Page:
Uganda's HIV Prevention Success: The Role of Sexual Behavior Change and the National Response
- Edward C. GreenAffiliated withHarvard University School of Public Health
- , Daniel T. HalperinAffiliated withAIDS Research Institute, University of CaliforniaNERCHA, Mbabane Email author
- , Vinand NantulyaAffiliated withGlobal Fund for AIDS, Tuberculosis and Malaria
- , Janice A. HogleAffiliated withFamily Health International
There has been considerable interest in understanding what may have led to Uganda's dramatic decline in HIV prevalence, one of the world's earliest and most compelling AIDS prevention successes. Survey and other data suggest that a decline in multi-partner sexual behavior is the behavioral change most likely associated with HIV decline. It appears that behavior change programs, particularly involving extensive promotion of “zero grazing” (faithfulness and partner reduction), largely developed by the Ugandan government and local NGOs including faith-based, women’s, people-living-with-AIDS and other community-based groups, contributed to the early declines in casual/multiple sexual partnerships and HIV incidence and, along with other factors including condom use, to the subsequent sharp decline in HIV prevalence. Yet the debate over “what happened in Uganda” continues, often involving divisive abstinence-versus-condoms rhetoric, which appears more related to the culture wars in the USA than to African social reality.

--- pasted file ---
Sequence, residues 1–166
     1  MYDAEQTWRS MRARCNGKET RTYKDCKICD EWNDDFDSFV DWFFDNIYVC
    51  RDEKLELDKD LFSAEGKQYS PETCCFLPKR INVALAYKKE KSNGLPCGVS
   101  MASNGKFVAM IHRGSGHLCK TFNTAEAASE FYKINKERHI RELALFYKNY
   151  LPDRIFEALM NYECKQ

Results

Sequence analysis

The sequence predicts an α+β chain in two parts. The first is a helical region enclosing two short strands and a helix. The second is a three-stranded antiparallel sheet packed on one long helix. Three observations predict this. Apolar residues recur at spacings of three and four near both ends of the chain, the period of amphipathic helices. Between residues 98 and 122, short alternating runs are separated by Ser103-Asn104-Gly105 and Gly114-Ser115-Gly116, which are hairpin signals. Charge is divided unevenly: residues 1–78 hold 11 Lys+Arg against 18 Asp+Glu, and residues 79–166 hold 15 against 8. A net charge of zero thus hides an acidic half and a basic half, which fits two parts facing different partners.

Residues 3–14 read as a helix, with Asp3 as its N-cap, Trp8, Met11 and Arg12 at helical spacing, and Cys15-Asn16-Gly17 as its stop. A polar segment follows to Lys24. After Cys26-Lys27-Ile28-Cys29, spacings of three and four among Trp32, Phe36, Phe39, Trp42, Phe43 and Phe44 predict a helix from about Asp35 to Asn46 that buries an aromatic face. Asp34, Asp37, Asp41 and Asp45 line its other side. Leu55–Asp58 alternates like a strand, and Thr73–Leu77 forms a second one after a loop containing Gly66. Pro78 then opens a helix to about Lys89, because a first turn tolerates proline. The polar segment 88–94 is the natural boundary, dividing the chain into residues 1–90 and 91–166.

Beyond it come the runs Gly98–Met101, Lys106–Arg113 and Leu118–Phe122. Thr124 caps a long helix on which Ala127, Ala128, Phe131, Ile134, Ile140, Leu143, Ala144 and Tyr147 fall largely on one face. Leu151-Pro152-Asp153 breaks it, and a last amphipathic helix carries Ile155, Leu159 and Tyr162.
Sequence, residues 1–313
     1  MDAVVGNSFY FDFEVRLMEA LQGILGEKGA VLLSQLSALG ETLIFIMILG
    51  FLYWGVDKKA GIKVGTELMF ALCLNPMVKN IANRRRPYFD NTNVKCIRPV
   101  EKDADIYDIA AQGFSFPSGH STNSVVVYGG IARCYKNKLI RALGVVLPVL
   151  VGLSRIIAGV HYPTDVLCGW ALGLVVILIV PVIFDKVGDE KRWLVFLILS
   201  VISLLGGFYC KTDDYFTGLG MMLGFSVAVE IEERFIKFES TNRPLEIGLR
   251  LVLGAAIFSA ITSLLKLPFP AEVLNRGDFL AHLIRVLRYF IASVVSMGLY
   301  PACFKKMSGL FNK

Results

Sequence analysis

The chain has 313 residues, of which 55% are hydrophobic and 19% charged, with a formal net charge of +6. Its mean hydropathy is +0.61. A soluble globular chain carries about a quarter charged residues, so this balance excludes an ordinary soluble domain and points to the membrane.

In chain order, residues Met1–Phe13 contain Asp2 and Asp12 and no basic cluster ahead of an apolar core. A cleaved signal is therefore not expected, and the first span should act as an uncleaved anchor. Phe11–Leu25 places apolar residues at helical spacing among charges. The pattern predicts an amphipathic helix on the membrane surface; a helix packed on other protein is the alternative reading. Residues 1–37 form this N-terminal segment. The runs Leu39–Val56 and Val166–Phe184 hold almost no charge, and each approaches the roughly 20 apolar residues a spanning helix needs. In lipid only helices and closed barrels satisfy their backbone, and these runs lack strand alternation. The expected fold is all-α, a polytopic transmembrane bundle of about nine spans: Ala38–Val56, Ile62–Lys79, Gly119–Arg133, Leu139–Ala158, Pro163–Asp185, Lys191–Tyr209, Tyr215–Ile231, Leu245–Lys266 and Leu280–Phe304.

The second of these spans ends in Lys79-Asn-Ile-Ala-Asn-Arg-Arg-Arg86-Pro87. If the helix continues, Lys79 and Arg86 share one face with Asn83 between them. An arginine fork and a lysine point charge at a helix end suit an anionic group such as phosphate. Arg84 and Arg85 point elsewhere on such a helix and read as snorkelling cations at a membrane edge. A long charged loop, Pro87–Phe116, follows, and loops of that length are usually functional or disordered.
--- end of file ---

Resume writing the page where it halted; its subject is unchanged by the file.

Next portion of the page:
KEY WORDS:HIV-AIDS prevention Africa behavior change ABC partner reduction multi-sectoral response.
- Uganda's HIV Prevention Success: The Role of Sexual Behavior Change and the National Response
- Open Access
- Available under Open Access This content is freely available online to anyone, anywhere at any time.
AIDS and Behavior
Volume 10, Issue 4 , pp 335-346
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- Online ISSN
- Springer US
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- HIV-AIDS prevention
- behavior change
- partner reduction
- multi-sectoral response.
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- Author Affiliations
- 1. Harvard University School of Public Health, Boston, Massachusetts, USA
- 2. AIDS Research Institute, University of California, San Francisco, California, USA
- 5. NERCHA, Mbabane, Swaziland, South Africa
- 3. Global Fund for AIDS, Tuberculosis and Malaria, Geneva, Switzerland
- 4. Family Health International, Arlington, Virginia, USA